I wonder would the Irish Times publish an article by a PhD student which disses say, a treatment being used for diabetes while advocating his/her pet theory?
    The idea that you can simply transplant some program from Texas to here (even if it has been shown to be effective there, which is unclear) is silly.

  2. Vincent Says:

    Given the hoo-haw lately about the points. I looked at nui,g, nui,m, ucc tcd and yourself, in where you have total control over access and where there is little or no academic component. These, the courses you run that have exemption from requirement of the professional bodies.
    The one I looked into was Accounting. And in most the minimum entry requirement was a 2:2 or higher.
    Why is this. Why if you find the points so useless do you perpetuate the system. And why are you doing the work of the Bodies.
    None of them would look at someone with a Pass Degree from the ITs. And the truly laughable situation in this is that most of any cohort that the Uni’s put through their hands end up in the UK.
    So access, my eye.


  3. Of course access courses/programmes work. Ask anyone who has benefitted from one. They mean the world to particular people or at best a small minority.

    Access is about providing opportunity. It is a product of a belief in equality of opportunity. However, many who hold that belief condemn or at least have grave misgivings about anything that smacks of equality of outcome; they fear that the latter threatens liberty. The problem with believing in equality of opportunity while opposing equality of outcome becomes apparent when one considers why people from poor families don’t go to uni in any great numbers.

    Ferdinand is spot on when he says, “The key issue is not a reluctance of universities to admit disadvantaged students, but the effect of socio-economic disadvantage on expectations and choices.” To this he adds that a lack of money while at college inhibits the student whose family cannot help out. Yes, socio-economic disadvantage determines expectations, ambitions, plans and dreams – and often frustrates an exception who develops a dream.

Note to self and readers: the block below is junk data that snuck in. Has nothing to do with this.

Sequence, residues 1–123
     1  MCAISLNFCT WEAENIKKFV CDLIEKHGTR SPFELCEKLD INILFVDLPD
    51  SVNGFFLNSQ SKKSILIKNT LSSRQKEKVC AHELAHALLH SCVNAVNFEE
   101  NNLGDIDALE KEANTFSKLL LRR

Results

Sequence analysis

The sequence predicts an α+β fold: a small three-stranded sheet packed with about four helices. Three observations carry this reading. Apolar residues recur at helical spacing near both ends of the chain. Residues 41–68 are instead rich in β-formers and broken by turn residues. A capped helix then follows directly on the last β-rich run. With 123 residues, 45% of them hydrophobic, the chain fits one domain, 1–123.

I fear any kind of access programme which permits entry to those with a lower level of attainment. Such notions patronise the poor, introduce two types of student and in all likelihood guarantee high failure rates. However, as I’ve said many times here, there are already many students who despite success in their Leaving Certs are insufficiently educated to make best use of a degree level course. Until such time as we’re prepared to tackle shortcomings in primary/secondary education and get over our political fear of addressing inequality, perhaps the 10% quota isn’t such a bad idea.

  4. Kevin O'Brien Says:

    I reckon, on a few points, that Ross Higgins is onto something. He just chose the wrong approach.

    Arguably young people in the lower SES categories dont consider university education as a career path that way the way other SES groups do, in the sense that they feel less motivated to try and go to college.

    “Their parents didnt go to college, Their older brothers and sisters didnt go to college, Why would they go to college”

    These older brothers and sisters might be barmen, salespeople, shop workers, and hairdressers and so forth, working since they were 18.

    Things are changing. Some of these “older brothers and sisters” are now enrolling in part-time degree programs to enhance their career prospects. It is tough going, and they dont get a lot of support.

    I reckon that increased support might see more enrolling; turn this trickle into a flood.

    This will inevitably influence the perceptions of the younger siblings, a peer pressure to go to college that probably doesn’t exist now.